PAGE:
Dialogue and Difference Presentation Tackles Questions Surrounding Origins of Hatred

The Kent State University community attended a virtual event on Feb. 22 in which Tatsushi (Tats) Arai, Ph.D., an associate professor of peace and conflict studies and a peacebuilding scholar, addressed the challenging questions: what is hatred, where does it come from and how do you overcome it?

Arai hopes that this presentation, entitled “Dialogue on Hatred: A Peacebuilder’s Perspective,” will inspire participants to begin dialogues on the issue of hatred and how to dismantle it.

The event was a continuation of the year-long initiative “Dialogue and Difference: A New Understanding designed to engage the Kent State community and advance our core values of freedom of expression, respect, and kindness in all we do.

The Division of People, Culture and Belonging is partnering with the School of Peace and Conflict Studies and the Division of Student Life to deliver the series of educational programs that features diverse perspectives and aims to help us better understand each other.

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Amoaba Gooden, Ph.D., the vice president of People, Culture and Belonging, introduced Arai, and Sandra Morgan, director of strategic partnerships and outreach for the College of Arts and Sciences at Kent State, who was the moderator.

The dialogue took place in the context of how campus life in the U.S. “is a microcosm of identity-based differences, capable of providing a promising ground for dialogue and mutual learning.”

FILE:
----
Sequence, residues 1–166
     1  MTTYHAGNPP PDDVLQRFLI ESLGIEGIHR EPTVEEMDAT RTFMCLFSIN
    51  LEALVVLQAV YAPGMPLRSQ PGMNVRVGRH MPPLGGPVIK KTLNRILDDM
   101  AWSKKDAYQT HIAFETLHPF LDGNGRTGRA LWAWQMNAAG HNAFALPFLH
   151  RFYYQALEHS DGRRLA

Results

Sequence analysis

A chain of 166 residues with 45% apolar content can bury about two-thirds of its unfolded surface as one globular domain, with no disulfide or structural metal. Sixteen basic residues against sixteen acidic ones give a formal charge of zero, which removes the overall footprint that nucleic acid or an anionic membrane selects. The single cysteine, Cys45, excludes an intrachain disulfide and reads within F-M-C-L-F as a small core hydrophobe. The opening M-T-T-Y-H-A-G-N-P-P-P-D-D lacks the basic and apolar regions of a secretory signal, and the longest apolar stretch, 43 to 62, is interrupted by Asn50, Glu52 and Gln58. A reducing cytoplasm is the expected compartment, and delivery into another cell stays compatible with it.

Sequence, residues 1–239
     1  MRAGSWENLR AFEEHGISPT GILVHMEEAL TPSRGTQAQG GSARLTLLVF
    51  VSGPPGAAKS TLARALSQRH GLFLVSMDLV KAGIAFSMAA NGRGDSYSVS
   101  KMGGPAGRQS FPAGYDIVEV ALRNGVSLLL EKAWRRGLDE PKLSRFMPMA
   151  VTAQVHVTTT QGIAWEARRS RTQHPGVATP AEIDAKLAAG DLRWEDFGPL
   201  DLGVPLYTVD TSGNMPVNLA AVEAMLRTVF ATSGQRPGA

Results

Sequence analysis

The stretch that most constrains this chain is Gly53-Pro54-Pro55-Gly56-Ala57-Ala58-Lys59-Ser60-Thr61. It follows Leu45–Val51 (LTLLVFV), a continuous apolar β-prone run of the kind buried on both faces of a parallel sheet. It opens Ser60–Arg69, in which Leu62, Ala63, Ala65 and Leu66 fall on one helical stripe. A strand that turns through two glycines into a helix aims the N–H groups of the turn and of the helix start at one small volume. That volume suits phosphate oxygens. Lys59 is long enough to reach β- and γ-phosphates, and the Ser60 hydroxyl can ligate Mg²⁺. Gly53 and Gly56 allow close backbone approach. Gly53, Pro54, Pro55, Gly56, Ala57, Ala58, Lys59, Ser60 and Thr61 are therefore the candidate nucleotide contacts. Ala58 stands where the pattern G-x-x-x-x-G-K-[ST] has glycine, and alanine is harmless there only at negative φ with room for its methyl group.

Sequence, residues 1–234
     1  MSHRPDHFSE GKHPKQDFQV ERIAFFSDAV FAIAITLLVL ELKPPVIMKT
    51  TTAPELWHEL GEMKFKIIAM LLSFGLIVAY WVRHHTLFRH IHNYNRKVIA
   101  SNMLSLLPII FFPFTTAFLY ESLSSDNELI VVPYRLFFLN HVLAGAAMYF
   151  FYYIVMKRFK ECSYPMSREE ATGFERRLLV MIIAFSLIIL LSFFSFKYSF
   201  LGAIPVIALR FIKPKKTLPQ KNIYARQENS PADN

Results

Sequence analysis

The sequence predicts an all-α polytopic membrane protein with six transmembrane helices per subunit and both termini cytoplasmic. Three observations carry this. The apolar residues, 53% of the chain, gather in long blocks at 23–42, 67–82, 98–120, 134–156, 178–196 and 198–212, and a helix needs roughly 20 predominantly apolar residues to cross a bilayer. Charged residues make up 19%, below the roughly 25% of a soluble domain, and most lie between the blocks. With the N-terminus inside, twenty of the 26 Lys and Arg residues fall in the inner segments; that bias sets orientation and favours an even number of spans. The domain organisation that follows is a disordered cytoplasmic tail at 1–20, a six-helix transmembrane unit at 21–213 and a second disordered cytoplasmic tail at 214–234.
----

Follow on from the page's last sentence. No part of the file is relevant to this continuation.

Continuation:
But these same differences can become a “basis for identity-based discrimination, stereotyping and hatred when members of the campus communities internalize the polarizing effects of political divisions, international conflicts and/or other powerful forces in society.” 

Arai, a peacebuilding scholar-practitioner with 25 years of international experience, reflected on the sources and nature of hatred in the context of identity-based conflict. He reflected on his personal experiences during his years of international peacebuilding, as well as the journeys of others whose urge for hatred were able to transform themselves into "giants in social change."

Arai told the story of how as a middle school student in 1984, he and his classmates met with victims of radiation sickness leftover from the atomic bombs dropped in Japan in 1945. He was shocked when one of the victims, a housewife, told him that she did not hate Americans who dropped the bombs. The woman urged Arai to become a leader who promotes co-existence. Arai was moved by this woman's commitment.

“Because of one housewife's commitment you see a peacebuilder speaking to you,” he said.

“Dialogue and Difference” kicked off Feb. 1 at Kent State’s annual Martin Luther King Celebration with “MLK and Me: Living a Life of Love and Peace During Conflict” held in the Kent Student Center Ballroom.

Members of the Kent State community are encouraged to mark their calendars for these upcoming events:

  • “Academic Freedom and Freedom of Expression” will occur at 3:30 p.m. on March 5 in the Governance Chambers on the second floor of the Kent Student Center. This session will be led by Tracy Laux, senior lecturer of mathematical sciences and chair of Faculty Senate; Amy Reynolds, Ph.D., dean of the College of Communication and Information; and Deborah Smith, Ph.D., professor of philosophy and president of Kent State’s Chapter of American Association of University Professors, Tenure Track Unit.
  • “Cultural and Religious Identity: A Faculty Conversation” will take place at 4 p.m. on March 12. The virtual event will include Rick Feinberg, Ph.D., Professor Emeritus of Anthropology; Chaya Kessler, director of the Jewish Studies Program and senior lecturer of Hebrew; Babacar M’Baye, Ph.D., professor and chair of the Department of English; and Lydia Rose, Ph.D., associate professor of sociology. Registration will be available soon on the Dialogue and Difference website.

Additional Dialogue and Difference programs titled “Understanding and Combatting Antisemitism” and “Understanding and Combatting Islamophobia” will be scheduled.

View the full list of events in the Dialogue and Difference series.    

POSTED: Thursday, February 22, 2024 03:56 PM
Updated: Friday, February 23, 2024 12:01 PM
April McClellan-Copeland